MELBOURNE (Reuters) - An Australian man who was detained during raids to disrupt what authorities described as an Islamic State-inspired plot to bomb an Etihad Airways flight has been charged with weapons offences and released on bail, police said on Sunday.
The man was one of four detained during raids by counter-terrorism police in suburbs in Sydney, Australia’s largest city, a week ago.
Two of the men were charged with terror-related offences late on Thursday. Police allege one of them sent his unsuspecting brother to catch an Etihad Airways flight from Sydney on July 15 carrying a home-made bomb, which was disguised as a meat mincer, built at the direction of a senior commander in the militant Islamic State group.
The fourth man was released without charge after the raids.
On Sunday, police said a 39-year-old man, who had been held under special counter-terror laws, had been charged with possessing a prohibited weapon. He was released on bail to appear in court later this month.
The man was identified by his lawyer as Khaled Merhi.
“My client Khaled Merhi has also been released. Cleared of any terror allegation,” Merhi’s lawyer, Moustafa Kheir, said on Twitter.
On Friday, police detailed what they called one of Australia’s “most sophisticated” militant plots and said the two men who had been charged with terror offences had also planned to build a device to release poisonous gas in a public area.
Both those men have been charged with two counts of planning a terrorist act. The charges carry a maximum punishment of life in prison. Neither applied for bail and they are scheduled to appear in court again on Nov. 14.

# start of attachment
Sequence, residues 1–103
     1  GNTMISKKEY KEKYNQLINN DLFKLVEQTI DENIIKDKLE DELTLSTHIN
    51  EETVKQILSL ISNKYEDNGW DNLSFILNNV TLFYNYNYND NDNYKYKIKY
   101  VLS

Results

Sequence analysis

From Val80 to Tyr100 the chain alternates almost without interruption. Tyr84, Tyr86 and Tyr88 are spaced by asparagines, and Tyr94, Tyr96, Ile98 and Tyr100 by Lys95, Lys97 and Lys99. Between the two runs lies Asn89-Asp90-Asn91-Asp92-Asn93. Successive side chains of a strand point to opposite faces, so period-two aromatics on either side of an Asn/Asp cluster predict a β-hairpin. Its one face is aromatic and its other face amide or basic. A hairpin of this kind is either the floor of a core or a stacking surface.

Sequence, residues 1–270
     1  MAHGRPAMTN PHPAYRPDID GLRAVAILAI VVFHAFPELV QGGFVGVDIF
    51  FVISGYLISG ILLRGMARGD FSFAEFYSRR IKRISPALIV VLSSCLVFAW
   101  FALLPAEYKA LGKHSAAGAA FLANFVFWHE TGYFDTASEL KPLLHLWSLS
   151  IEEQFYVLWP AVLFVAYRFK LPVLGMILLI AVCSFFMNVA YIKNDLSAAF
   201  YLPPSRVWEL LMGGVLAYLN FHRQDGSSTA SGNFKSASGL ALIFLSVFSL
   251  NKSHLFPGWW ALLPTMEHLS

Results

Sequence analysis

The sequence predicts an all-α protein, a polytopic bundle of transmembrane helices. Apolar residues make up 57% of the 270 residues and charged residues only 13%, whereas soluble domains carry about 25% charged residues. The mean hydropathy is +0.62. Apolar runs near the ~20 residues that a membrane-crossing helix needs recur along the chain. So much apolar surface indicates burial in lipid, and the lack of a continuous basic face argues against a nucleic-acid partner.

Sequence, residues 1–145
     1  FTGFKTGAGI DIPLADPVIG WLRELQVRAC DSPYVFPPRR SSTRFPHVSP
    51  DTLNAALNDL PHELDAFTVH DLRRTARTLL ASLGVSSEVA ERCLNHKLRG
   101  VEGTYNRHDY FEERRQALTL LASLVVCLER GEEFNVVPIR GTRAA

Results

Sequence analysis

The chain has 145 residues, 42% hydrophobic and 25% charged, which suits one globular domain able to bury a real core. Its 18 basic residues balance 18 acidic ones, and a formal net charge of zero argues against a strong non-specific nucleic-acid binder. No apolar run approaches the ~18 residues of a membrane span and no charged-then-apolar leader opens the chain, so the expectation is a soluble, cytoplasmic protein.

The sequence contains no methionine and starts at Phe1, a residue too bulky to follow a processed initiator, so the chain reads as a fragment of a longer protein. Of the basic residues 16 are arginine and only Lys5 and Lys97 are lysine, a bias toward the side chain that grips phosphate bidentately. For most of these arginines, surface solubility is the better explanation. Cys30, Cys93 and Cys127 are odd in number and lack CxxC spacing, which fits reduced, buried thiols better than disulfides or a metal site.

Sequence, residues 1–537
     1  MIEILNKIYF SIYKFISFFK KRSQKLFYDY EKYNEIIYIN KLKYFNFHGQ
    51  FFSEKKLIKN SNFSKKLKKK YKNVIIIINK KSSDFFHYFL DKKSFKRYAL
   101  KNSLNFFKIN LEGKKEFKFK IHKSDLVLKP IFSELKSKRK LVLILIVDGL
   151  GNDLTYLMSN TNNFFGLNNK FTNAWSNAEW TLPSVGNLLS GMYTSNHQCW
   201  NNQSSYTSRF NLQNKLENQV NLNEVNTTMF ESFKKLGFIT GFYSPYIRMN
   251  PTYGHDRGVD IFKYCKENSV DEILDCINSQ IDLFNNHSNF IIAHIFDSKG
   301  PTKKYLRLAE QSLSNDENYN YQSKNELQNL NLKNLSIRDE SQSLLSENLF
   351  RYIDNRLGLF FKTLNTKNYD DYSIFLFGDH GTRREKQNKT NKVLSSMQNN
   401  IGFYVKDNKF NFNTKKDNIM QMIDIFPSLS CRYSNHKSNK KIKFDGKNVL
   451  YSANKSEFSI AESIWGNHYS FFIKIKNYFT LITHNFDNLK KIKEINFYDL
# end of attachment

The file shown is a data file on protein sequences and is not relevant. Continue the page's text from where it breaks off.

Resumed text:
High-grade military explosives used to build the bomb that was to be taken on the Etihad flight had been sent by air cargo from Turkey as part of a plot “inspired and directed” by Islamic State, police said.
The bomb never made it past airport security, they said, and the man’s brother flew out of Sydney and has not since returned to Australia.
Police allege that one of the two men charged on Thursday had been introduced to Islamic State by an unidentified brother, who they said was a senior member of the group in Syria, and communication began around April.
Etihad Airways has said it had been working closely with the Australian investigation.
Australia, a staunch U.S. ally that has sent troops to Afghanistan and Iraq, has been on heightened alert since 2014 for attacks by home-grown militants returning from fighting in the Middle East, or their supporters.
While there have been several “lone wolf” attacks, officials say 13 significant plots have been foiled in that time.
A gunman in a 2014 Sydney cafe siege boasted about links with Islamic State militants, although no direct ties with the group were established. The gunman and two other people were killed in the siege.
Reporting by Joseph Hinchliffe; Editing by Paul Tait